The Telegraph
Since 1st March, 1999
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Stray dogs bite into ‘cremated’ bodies

Patna, Sept. 16: In death, they lost the right to live; after death, they lost the right for having last rites.

While villagers in Dhelphodwa took law in their hands to beat 10 thieves of a nomad community to death on Thursday, stray dogs today were up for feast on at least two of the bodies “cremated” at Konhara ghat on Friday.

In his report filed on Friday, Vaishali district welfare officer J.K. Mathur, who was also the magistrate in charge of the incident, said that all the 10 bodies were “cremated” after post-mortem.

This morning had a telltale evidence that something was wrong in the process when local people went to the ghat — on the confluence of the Ganga and Gandak — to take bath. “About six dogs were feeding on the two bodies swept ashore. Another seven bodies were also floating,” said Surendra Tiwary, the pundit at the ghat who takes care of the funeral process of bodies.

“The magistrate and accompanying policemen did not cremate the bodies despite my repeated plea on Friday. They somehow took a young boy, possibly a relative of a deceased accompanying the bodies, into confidence and just threw the bodies in the river,” Tiwary added.

Local people suspected that the officials might have disposed of the bodies without cremating them in order to “save money on firewood” required for cremation.

The government had assigned Mathur to carry out the cremation at state expenses.

Acting fast, the government suspended Mathur, along with the officers in charge of Rajapakar and Hajipur police stations, Vibha Kumari and R.K. Singh, besides replacing the district magistrate and superintendent of police.

Principal home secretary Afzal Amanullah told The Telegraph: “Seven of the 10 bodies have been fished out. Efforts are on to find out the remaining three bodies, too.”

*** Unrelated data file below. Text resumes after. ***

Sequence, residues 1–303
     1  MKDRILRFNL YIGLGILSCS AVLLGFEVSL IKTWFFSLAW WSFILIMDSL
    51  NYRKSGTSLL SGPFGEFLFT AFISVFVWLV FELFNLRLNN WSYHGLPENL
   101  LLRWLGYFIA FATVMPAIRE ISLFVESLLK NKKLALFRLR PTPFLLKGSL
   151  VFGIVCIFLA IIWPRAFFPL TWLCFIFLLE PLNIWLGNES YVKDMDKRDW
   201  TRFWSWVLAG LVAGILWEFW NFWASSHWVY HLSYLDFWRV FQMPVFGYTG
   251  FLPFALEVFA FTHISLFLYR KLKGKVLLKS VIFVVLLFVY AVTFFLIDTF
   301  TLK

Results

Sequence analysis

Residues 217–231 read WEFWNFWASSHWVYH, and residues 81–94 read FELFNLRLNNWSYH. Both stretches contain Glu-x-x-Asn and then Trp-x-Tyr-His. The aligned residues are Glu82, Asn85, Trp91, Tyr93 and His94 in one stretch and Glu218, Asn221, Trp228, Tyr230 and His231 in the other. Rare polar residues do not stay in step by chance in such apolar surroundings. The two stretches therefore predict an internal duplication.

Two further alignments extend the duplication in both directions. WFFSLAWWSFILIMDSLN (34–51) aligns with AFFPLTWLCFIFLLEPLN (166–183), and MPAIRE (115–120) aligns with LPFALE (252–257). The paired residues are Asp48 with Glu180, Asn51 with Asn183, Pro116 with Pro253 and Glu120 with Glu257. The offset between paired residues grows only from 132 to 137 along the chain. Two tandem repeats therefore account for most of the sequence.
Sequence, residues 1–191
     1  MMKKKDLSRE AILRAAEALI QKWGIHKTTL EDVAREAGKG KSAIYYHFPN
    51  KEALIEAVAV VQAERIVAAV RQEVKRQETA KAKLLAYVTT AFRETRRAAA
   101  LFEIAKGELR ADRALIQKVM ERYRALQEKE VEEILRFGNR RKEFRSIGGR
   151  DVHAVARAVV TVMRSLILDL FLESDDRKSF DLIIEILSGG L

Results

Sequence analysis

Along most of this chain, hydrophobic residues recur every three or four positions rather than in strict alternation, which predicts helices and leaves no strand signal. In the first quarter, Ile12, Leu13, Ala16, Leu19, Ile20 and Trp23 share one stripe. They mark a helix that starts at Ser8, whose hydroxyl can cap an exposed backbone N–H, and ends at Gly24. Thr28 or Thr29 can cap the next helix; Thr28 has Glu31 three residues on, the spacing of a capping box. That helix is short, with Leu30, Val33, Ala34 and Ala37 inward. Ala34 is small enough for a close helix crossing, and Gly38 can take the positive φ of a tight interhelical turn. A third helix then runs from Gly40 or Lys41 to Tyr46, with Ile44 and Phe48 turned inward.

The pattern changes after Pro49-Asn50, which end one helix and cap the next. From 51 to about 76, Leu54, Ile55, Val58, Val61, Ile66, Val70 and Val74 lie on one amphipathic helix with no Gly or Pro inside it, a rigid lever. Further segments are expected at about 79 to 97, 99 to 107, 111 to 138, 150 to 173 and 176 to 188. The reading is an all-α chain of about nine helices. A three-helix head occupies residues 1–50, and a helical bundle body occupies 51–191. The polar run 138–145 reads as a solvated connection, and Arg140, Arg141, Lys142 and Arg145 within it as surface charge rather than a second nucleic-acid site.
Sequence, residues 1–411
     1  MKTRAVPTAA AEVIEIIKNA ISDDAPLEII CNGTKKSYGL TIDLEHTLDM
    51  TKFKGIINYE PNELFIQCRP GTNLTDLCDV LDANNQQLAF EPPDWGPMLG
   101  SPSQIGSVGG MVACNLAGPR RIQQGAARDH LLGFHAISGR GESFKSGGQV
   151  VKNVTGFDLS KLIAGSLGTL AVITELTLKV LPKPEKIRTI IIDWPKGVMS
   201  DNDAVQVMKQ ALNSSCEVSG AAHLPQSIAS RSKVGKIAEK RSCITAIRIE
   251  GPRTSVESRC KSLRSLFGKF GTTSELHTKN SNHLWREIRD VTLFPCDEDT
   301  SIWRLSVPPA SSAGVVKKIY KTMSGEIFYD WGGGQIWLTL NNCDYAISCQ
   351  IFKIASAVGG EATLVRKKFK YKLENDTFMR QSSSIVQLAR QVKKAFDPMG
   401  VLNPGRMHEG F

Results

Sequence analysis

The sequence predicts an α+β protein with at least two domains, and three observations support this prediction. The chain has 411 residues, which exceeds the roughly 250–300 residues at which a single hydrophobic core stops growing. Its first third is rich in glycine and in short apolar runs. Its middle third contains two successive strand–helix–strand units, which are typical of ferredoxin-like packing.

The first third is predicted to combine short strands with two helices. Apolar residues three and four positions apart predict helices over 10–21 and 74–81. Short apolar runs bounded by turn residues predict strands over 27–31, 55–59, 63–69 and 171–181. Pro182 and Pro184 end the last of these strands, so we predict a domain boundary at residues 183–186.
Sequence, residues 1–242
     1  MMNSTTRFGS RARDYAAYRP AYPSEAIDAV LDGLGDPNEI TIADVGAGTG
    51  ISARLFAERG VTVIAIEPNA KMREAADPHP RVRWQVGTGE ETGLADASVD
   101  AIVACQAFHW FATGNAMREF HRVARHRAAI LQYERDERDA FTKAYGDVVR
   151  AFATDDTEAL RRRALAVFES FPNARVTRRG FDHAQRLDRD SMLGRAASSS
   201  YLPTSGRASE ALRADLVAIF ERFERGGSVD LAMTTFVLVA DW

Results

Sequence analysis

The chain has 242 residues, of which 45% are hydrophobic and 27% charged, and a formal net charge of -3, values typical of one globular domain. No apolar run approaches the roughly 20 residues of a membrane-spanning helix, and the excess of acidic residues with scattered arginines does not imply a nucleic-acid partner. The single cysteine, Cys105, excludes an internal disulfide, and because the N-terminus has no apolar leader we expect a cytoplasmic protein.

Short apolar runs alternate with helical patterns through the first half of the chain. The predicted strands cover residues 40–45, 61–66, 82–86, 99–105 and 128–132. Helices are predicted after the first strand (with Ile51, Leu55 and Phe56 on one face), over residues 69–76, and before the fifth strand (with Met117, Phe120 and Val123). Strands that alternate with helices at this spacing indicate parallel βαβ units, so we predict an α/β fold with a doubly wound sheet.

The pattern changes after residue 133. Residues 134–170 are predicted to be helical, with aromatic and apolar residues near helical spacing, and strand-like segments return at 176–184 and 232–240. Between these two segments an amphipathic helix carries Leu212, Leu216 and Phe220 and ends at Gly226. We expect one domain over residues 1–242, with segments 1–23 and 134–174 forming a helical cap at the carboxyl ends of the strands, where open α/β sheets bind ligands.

He said the government had also replaced the district magistrate and superintendent of police, Lallan Singh and Anupama Nilekar, by Preeti Verma and Paras Nath, respectively.

What has shocked the people and even a large number of senior officials more is the “insensitivity” on the part of the Vaishali district administration officials. “It is simply a shameful act. They did it despite a CID team camping at the site to investigate the lynch. They must be punished,” said P.K. Sinha, the Samata Party president and a former administrative official.

Earlier, chief minister Nitish Kumar summoned chief secretary A.K. Choudhary, director-general of police A.R. Sinha and Amannulah asking them to take “swift” action against the officials concerned.

Hundreds of people surrounded 11 youths suspected to be “thieves” belonging to a poor nomad community of Tajpur in neighbouring Samastipur district in Dhelphodwa village, about 40km from here, and lynched 10 of them in the early hours on Thursday.

It was the fifth incident of the mob providing “instant justice” to suspected thieves in a fortnight in the state.

Meanwhile, the police arrested three persons and forwarded them to judicial custody in connection with the incident in which the mob had battered three motorcycle thieves and gouged out an eye of one of them in Nawada.

At a high level meeting with home department officials and the police yesterday, Nitish reportedly issued an ultimatum to the police to control the deteriorating law and order situation in the state.

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